Illini Hearing - Champaign and Mahomet, IL

Woman with hearing loss wondering if her hearing will come back on its own.

Your Body’s Ability to Recover

While some injuries take longer to heal than others, the human body usually has no issue mending cuts, scrapes, or broken bones. But you’re out of luck when it comes to fixing the tiny little hairs in your ears. So far, at least. Though scientists are working on it, humans can’t heal the cilia in their ears in the same way animals can. That means you could have irreversible loss of hearing if you damage the hearing nerve or those little hairs.

At What Point Does Loss of Hearing Become Permanent?

The first question you think of when you find out you have hearing loss is, will it come back? Whether it will or not depends on a number of factors. Basically, there are two types of hearing loss:

  • Obstruction based hearing loss: When there’s something blocking your ear canal, you can exhibit all the signs of hearing loss. This obstruction can be caused by a wide variety of things, from debris to earwax to tumors. Your hearing generally returns to normal after the blockage is cleared, and that’s the good news.
  • Hearing loss caused by damage: But there’s another, more widespread kind of hearing loss that accounts for around 90 percent of hearing loss. This sort of hearing loss, which is usually permanent, is known as sensorineural hearing loss. Here’s how it works: there are little hairs in your ear that move when hit with moving air (sound waves). Your brain is good at turning these vibrations into the sounds you hear. But your hearing can, as time passes, be permanently harmed by loud noises. Sensorineural hearing loss can also be from injury to the nerve or to the inner ear. In some cases, particularly in instances of severe loss of hearing, a cochlear implant could help restore hearing.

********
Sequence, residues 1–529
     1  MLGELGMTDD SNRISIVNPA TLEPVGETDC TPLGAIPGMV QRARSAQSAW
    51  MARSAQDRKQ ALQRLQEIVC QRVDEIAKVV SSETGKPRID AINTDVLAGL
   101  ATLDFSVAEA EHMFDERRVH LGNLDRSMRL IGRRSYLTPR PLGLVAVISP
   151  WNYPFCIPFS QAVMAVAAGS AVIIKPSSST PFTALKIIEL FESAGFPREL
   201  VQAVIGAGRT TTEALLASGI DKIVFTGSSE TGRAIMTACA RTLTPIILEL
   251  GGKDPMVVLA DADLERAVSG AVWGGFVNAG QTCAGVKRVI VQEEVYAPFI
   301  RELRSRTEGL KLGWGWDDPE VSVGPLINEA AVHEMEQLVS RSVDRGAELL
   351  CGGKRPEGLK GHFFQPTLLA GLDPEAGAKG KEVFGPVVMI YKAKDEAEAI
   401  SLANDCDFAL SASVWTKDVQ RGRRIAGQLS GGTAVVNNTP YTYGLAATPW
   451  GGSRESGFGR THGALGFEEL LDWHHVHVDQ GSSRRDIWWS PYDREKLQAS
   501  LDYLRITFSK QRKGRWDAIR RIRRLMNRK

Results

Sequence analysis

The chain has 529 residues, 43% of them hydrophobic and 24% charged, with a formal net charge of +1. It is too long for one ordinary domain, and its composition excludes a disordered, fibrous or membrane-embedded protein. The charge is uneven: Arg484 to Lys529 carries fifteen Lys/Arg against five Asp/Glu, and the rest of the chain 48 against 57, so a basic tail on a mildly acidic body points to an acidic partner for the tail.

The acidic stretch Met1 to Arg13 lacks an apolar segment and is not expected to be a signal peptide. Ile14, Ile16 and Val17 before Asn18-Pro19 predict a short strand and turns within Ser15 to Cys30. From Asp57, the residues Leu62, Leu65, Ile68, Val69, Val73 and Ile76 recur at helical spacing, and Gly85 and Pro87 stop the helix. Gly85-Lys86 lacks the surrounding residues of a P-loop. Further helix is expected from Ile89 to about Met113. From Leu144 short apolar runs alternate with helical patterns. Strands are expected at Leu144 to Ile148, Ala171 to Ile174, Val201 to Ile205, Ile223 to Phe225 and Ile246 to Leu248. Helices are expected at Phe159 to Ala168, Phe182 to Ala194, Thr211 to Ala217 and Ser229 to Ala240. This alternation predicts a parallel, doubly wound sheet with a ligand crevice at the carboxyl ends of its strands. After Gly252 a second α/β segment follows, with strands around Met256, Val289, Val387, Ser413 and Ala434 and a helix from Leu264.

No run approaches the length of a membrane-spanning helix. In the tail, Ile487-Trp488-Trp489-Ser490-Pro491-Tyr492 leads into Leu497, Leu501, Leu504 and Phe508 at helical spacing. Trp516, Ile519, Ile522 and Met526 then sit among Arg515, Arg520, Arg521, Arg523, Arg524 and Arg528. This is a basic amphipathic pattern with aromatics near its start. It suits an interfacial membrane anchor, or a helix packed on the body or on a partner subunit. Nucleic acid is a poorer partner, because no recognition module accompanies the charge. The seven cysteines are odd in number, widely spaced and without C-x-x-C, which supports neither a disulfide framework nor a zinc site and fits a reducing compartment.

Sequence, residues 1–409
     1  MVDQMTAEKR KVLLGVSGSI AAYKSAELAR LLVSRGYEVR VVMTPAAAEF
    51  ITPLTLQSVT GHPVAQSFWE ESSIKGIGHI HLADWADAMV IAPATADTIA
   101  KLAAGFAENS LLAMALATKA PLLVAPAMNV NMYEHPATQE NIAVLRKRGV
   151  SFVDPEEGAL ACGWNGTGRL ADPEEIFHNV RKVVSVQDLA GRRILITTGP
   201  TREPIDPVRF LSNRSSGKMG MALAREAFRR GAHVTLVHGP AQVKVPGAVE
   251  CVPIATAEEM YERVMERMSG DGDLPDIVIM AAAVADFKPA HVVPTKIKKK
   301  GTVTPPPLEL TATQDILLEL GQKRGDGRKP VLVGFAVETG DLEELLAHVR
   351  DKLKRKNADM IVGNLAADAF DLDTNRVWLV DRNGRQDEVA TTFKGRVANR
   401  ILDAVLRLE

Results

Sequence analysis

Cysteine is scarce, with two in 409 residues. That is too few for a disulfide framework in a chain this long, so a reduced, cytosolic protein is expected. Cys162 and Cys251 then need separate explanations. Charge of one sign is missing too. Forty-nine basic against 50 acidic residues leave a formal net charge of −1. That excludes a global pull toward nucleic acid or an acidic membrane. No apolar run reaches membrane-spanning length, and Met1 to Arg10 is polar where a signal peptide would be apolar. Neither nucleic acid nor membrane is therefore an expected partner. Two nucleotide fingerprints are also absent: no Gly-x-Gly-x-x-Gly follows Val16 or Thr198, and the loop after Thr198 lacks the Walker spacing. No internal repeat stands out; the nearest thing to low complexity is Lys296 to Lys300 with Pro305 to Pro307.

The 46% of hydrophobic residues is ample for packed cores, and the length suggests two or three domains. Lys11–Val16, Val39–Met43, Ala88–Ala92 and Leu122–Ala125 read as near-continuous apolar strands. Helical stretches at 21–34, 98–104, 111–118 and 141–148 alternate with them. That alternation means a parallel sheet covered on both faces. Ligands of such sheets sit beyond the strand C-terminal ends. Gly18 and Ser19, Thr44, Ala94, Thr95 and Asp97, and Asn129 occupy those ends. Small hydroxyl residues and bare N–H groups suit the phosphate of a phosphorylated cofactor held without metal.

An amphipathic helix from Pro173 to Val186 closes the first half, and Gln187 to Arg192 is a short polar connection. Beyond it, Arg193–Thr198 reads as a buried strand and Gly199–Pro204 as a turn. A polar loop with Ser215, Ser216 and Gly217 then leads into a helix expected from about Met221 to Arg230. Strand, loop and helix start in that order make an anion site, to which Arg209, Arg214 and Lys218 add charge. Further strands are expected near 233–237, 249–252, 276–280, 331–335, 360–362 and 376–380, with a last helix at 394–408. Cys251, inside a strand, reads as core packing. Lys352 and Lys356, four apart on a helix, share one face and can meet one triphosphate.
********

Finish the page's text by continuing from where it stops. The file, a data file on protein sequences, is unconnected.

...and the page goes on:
Whether hearing aids will help restore your hearing can only be determined by getting a hearing exam.

Treatment of Hearing Loss

Sensorineural hearing loss presently has no cure. But it may be possible to get treatment for your loss of hearing. As a matter of fact, getting the right treatment for your loss of hearing can help you:

  • Keep isolation at bay by staying socially engaged.
  • Successfully deal with the symptoms of hearing loss you might be suffering from.
  • Prevent cognitive decline.
  • Preserve and protect the hearing you have left.
  • Make sure your overall quality of life remains high or is unaffected.

This treatment can take many forms, and it’ll usually depend on how extreme your loss of hearing is. One of the most basic treatments is also one of the most common: hearing aids.

Why Are Hearing Aids a Good Treatment for Hearing Loss?

People with loss of hearing can use hearing aids to perceive sounds and perform as effectively as they can. Fatigue is caused when the brain struggles to hear because hearing is hampered. As time passes the lack of sensory input has been connected with a greater risk of cognitive decay. Your cognitive function can start to be restored by using hearing aids because they allow your ears hear again. In fact, wearing hearing aids has been demonstrated to slow cognitive decline by as much as 75%. Background noise can also be drowned out by modern-day hearing aids letting you concentrate on what you want to hear.

The Best Defense Is Prevention

Hopefully, if you take one thing away from this knowledge, it this: you should safeguard the hearing you have because you can’t depend on recovering from hearing loss. Certainly, if you have something blocking your ear canal, more than likely you can have it cleared. But that doesn’t decrease the risk from loud sounds, noises you might not even think are loud enough to really be all that dangerous. That’s why it’s a good strategy to take the time to safeguard your ears. If you are inevitably diagnosed with loss of hearing, you will have more treatment options if you take measures now to protect your hearing. Recovery likely won’t be an option but treatment can help you continue living a great, full life. To determine what your best option is, make an appointment with a hearing care specialist.

The site information is for educational and informational purposes only and does not constitute medical advice. To receive personalized advice or treatment, schedule an appointment.
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